Along-awaited mission to repair and upgrade the venerable Hubble Space Telescopewill get serious next week when the space shuttle Atlantis is scheduled to rollout to Launch Pad 39A at NASA?s Kennedy Space Center in Florida.
Thehigh-profile and risky mission will overhaulthe telescope for the fifth and final time.
The rolloutis slated to start Tuesday when the shuttle begins a 3.4-mile journey to thelaunch pad aboard a crawler moving at less than 1 mph.
The fullyassembled space shuttle, consisting of the orbiter, external fuel tank and twinsolid rocket boosters, was mounted on a mobile launcher platform and will bedelivered to the pad atop a crawler-transporter. The process is expected totake approximately six hours.
DuringAtlantis? 11-day mission, the crew of seven astronauts will make the finalshuttle flight to Hubble, considered by many to be the greatest telescope ever. During five spacewalks, they will install two newinstruments, repair two inactive ones and replace components. The result willbe six working, complementary science instruments with capabilities beyond whatis now available, and an extended operational lifespan for the telescopethrough at least 2014.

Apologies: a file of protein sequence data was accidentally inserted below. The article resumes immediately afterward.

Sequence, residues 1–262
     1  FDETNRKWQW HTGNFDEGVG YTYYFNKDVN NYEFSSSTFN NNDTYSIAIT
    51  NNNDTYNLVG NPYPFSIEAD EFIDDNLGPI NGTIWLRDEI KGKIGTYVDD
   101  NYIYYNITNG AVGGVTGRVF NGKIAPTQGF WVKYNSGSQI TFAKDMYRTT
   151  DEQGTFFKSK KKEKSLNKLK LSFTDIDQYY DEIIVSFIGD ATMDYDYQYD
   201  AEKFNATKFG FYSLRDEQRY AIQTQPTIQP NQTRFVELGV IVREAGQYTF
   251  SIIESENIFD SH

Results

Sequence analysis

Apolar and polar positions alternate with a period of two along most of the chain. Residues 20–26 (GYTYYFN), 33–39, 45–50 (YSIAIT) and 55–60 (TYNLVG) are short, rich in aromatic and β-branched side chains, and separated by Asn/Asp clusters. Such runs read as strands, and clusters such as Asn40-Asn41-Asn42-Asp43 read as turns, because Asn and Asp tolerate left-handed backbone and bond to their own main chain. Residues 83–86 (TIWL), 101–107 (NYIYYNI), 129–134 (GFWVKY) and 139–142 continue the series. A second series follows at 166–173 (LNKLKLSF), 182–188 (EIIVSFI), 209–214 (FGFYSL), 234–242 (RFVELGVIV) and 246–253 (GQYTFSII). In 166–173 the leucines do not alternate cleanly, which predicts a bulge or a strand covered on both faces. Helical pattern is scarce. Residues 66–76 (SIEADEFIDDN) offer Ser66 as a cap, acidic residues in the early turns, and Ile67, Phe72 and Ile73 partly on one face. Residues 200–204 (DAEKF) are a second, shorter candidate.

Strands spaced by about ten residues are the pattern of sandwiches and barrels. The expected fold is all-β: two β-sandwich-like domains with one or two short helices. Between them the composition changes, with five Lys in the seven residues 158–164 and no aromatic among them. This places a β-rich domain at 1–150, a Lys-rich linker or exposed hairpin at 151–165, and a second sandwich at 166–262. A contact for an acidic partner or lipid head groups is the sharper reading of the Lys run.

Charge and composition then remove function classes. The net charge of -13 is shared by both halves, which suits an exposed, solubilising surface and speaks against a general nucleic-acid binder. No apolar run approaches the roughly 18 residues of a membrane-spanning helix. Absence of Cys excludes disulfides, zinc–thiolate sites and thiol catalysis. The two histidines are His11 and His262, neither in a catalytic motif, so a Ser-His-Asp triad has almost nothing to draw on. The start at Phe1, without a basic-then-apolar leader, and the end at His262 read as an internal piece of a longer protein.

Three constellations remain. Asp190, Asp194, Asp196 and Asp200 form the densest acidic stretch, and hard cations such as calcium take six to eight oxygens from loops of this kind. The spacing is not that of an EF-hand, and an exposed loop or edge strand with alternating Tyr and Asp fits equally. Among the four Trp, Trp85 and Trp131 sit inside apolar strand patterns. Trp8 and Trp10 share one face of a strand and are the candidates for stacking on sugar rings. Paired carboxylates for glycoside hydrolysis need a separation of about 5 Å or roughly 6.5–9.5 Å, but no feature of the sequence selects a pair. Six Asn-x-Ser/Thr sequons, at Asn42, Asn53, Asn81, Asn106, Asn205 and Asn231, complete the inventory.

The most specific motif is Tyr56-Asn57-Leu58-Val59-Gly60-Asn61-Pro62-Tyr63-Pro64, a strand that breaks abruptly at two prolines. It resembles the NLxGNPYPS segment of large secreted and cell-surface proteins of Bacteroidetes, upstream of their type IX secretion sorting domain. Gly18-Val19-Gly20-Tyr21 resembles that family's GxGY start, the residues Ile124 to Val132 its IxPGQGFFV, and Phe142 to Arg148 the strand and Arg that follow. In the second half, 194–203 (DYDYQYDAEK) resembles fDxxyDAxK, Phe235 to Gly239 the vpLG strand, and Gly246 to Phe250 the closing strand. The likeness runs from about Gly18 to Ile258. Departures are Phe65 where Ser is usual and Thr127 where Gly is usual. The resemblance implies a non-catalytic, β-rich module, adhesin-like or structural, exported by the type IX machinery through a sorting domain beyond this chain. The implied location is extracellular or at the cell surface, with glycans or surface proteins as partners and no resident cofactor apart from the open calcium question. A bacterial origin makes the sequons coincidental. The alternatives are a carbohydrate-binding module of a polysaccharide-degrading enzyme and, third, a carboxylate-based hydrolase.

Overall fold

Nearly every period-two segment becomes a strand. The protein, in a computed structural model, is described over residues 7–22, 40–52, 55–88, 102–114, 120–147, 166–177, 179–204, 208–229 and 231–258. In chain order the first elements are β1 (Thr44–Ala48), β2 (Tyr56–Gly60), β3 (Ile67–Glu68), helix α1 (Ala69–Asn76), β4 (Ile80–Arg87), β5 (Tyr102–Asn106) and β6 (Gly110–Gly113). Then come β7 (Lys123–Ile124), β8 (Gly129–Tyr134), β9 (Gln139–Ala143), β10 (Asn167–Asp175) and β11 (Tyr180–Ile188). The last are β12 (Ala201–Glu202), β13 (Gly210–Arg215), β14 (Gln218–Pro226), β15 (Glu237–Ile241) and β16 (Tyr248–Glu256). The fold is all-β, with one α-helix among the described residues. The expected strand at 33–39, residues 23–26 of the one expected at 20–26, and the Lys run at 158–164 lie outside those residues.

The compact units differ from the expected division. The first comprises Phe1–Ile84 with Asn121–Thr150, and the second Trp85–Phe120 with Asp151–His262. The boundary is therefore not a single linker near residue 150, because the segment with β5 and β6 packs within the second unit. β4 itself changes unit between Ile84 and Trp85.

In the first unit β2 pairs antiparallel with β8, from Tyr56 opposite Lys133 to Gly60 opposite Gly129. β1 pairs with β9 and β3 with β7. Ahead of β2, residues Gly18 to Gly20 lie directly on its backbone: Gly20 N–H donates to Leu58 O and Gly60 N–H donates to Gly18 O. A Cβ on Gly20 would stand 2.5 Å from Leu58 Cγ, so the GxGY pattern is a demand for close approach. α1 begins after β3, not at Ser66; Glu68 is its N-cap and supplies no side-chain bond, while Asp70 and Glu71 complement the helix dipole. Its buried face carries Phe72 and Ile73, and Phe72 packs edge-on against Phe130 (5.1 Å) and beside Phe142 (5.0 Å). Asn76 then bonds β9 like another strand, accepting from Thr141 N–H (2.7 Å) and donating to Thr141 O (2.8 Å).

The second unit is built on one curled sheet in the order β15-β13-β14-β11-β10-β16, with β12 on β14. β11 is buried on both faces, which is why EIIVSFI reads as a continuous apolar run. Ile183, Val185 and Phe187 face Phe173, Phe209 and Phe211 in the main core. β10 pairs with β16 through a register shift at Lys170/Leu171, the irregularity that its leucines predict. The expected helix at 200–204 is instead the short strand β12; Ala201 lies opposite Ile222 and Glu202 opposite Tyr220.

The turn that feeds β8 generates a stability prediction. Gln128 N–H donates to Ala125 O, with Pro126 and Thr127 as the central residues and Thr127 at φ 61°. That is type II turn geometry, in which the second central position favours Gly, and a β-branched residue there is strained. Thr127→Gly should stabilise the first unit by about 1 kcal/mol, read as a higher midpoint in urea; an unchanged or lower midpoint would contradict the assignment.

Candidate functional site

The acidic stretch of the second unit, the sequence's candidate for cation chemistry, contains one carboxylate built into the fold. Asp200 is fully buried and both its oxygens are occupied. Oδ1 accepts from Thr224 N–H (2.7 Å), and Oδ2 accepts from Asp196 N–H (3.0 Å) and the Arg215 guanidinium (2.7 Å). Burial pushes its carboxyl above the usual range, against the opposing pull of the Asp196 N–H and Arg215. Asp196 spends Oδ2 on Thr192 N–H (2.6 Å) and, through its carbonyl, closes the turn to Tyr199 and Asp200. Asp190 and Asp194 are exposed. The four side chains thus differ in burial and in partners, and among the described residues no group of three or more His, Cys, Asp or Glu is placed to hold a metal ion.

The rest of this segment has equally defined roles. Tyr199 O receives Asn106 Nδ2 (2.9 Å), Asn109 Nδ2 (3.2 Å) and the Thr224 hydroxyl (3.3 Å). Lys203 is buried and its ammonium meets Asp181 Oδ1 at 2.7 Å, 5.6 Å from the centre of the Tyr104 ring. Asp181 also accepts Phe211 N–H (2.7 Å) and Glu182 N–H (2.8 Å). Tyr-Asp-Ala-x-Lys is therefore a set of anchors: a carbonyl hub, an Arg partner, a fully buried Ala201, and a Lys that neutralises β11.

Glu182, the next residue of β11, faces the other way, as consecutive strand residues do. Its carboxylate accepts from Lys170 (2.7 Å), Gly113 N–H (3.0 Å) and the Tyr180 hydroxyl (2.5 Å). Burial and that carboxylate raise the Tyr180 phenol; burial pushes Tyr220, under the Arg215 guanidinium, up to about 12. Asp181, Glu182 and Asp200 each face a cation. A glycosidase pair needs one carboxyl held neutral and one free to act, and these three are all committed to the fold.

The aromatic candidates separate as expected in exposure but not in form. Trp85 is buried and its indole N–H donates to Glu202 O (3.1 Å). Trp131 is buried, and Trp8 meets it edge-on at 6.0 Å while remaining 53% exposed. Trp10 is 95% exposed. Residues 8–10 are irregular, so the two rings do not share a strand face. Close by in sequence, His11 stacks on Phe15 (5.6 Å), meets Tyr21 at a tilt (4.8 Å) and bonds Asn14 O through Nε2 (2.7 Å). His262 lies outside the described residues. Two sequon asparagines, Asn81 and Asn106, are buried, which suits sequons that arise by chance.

ScottAltman will be the commander of Atlantis. Gregory C. Johnson will be the pilot. Mission specialists will be John Grunsfeld, Mike Massimino, Megan McArthur,Andrew Feustel and Michael Good.
The missionis riskier than most because the astronauts will not have the safe haven of theInternational Space Station (which STS-119 crew members undocked from today) toturn to if their shuttle heat shield is damaged beyond repair as currentmissions to the station do. NASA will have a second shuttle ready to launch asa rescue ship instead.
The Hubblerepair mission also has an added risk because of the Feb. 10collision between a U.S. Iridium 33 communications satellite and thedefunct Russian military communications satellite Cosmos 2251. The mission wasat a higherspace debris risk to begin with.
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